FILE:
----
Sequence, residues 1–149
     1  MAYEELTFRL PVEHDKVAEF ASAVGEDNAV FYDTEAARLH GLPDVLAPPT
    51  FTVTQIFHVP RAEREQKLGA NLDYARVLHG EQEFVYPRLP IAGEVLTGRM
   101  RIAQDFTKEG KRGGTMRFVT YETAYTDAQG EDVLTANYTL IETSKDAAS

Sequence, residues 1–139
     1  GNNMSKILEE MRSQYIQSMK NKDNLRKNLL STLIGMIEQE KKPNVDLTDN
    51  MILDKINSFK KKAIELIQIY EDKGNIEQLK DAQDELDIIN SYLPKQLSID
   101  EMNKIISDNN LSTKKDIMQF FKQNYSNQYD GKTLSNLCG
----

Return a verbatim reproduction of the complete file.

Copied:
Sequence, residues 1–149
     1  MAYEELTFRL PVEHDKVAEF ASAVGEDNAV FYDTEAARLH GLPDVLAPPT
    51  FTVTQIFHVP RAEREQKLGA NLDYARVLHG EQEFVYPRLP IAGEVLTGRM
   101  RIAQDFTKEG KRGGTMRFVT YETAYTDAQG EDVLTANYTL IETSKDAAS

Sequence, residues 1–139
     1  GNNMSKILEE MRSQYIQSMK NKDNLRKNLL STLIGMIEQE KKPNVDLTDN
    51  MILDKINSFK KKAIELIQIY EDKGNIEQLK DAQDELDIIN SYLPKQLSID
   101  EMNKIISDNN LSTKKDIMQF FKQNYSNQYD GKTLSNLCG